Tom and I have hiked some slot canyons. We did a lot of them in Death Valley and hiked a challenging one in Utah named “Little Wild Horse Canyon.” Northern Arizona and southern Utah are full of slot canyons. But everyone told us that we had to see Antelope Canyon in Page.
Antelope Canyon is located on the Navajo Reservation and is accessible only with a licensed Navajo tour operator. I tried to get tickets when we first got here, but could only book a day in September. I’m not sure if they reserve some tickets for walk-ins, but the selection for dates online was very small.
We did the Sightseers Tour with Antelope Canyon Tours. They were great about reminding us of our reservation. We got an email confirmation, then a reminder a week before, and another reminder the day of the tour. The tour cost $45 apiece, but it was totally worth it.
We met at the tour office a half hour before the time the start of the tour. They checked us in and gave us a ticket for boarding the truck. Twenty minutes later, our tour guide, Rodney, ushered us into the back of the truck where all 14 of us buckled in. We drove 10 minutes on paved roads, and then 10 minutes on deep sand roads to the mouth of Upper Antelope Canyon.
The trucks parked outside the mouth of the canyon, and then, one group at a time we walked into the canyon. I was instantly awed by the size, color, and beauty of the rocks. The canyon is Navajo sandstone, carved by the scouring power of water and sand in flash floods. The flash floods only happen every five or six years, but they have carved impressive shapes into the rocks.
Tom took most of the pictures on this page with my iPhone. Rodney helped everyone get their phone cameras on the right settings and set up the pictures for us. I had the “good” camera and my pictures were mostly blurry because of the dim light in the canyon. Rodney demonstrated the acoustics by singing us a Navajo traveling song. We saw formations such as “standing bear” and “Abraham Lincoln.” We were a little disappointed that Rodney didn’t tell us any Navajo stories, but Native Americans only tell stories during the winter months.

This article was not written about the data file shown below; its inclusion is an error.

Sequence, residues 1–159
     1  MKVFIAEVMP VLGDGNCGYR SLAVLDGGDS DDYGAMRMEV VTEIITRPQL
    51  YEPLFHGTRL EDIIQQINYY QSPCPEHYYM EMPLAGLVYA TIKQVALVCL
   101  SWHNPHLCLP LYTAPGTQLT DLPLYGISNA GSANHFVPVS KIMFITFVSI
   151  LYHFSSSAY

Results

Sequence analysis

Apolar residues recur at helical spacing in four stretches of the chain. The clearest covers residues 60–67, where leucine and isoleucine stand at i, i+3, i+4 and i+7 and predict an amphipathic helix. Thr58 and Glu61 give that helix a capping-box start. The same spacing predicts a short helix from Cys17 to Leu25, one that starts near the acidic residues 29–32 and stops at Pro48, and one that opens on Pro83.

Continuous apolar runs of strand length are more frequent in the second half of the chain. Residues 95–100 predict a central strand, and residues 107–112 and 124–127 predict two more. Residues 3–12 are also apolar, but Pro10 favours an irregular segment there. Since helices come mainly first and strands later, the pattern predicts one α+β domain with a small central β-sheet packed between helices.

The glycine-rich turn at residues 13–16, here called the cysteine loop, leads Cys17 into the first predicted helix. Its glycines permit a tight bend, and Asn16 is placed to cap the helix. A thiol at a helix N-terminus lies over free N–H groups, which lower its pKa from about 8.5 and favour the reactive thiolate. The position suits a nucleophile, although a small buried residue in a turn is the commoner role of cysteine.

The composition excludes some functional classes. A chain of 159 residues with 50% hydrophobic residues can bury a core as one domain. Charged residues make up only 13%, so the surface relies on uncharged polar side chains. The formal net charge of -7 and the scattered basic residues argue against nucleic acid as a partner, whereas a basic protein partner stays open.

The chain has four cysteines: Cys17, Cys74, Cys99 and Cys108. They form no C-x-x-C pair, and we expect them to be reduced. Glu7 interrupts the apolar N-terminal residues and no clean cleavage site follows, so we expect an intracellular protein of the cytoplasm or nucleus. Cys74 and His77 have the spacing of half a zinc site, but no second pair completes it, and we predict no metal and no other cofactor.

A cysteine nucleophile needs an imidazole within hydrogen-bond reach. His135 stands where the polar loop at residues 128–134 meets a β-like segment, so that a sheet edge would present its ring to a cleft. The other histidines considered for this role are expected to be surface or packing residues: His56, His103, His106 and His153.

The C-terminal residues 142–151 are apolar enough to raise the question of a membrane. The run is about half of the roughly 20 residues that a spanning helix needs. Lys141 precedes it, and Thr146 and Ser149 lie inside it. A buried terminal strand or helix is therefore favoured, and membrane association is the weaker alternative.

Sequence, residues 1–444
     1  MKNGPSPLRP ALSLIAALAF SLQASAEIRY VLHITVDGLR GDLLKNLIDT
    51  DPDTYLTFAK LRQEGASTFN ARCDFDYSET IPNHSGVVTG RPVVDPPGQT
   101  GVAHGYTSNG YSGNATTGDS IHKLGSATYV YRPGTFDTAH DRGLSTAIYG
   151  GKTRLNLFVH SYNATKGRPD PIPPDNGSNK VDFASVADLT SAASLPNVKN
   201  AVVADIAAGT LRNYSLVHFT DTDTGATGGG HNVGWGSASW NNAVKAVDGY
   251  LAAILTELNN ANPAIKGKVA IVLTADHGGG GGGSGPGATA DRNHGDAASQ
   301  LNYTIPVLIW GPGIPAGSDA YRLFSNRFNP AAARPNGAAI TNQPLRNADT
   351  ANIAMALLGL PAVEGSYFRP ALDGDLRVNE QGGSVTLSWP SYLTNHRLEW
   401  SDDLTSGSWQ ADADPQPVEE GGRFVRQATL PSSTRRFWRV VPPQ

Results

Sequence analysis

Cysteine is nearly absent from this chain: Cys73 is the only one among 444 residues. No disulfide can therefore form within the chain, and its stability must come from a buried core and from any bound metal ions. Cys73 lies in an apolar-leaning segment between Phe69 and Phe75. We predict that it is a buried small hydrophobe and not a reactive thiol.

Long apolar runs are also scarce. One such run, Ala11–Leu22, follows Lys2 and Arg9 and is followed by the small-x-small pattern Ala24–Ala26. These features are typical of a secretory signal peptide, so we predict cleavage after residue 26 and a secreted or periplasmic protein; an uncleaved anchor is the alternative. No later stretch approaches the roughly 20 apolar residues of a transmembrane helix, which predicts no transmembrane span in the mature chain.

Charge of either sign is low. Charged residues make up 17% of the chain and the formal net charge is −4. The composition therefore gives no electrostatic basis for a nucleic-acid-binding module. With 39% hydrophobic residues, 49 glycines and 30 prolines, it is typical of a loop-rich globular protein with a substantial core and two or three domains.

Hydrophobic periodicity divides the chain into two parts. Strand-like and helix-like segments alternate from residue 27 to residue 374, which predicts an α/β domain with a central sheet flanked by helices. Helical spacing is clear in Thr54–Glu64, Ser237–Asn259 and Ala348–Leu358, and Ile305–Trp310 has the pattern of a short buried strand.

There were lots of people in Upper Antelope Canyon at one time, but the “rooms” of the canyon make it feel like each group is alone. Until another group has to squeeze by you to get out. We were told to take pictures on the way in and to move as quickly and quietly as possible on the way out so we didn’t disturb other groups.
Upper Antelope Canyon is only a quarter mile long, so we were in and out of the canyon in an hour. Because my camera wasn’t cooperating with the light, I turned it off and just took heart pictures. I can look at these anytime in my memory.
Tom and I both agreed that Antelope Canyon went beyond our expectations and was well worth the money for the tour. Ninety minutes after we set out, Rodney brought us back to the tour office. The tour was short but very, very sweet. I would love to take the tour again at a different time of day. I’m sure it looks very different as the light changes through the day.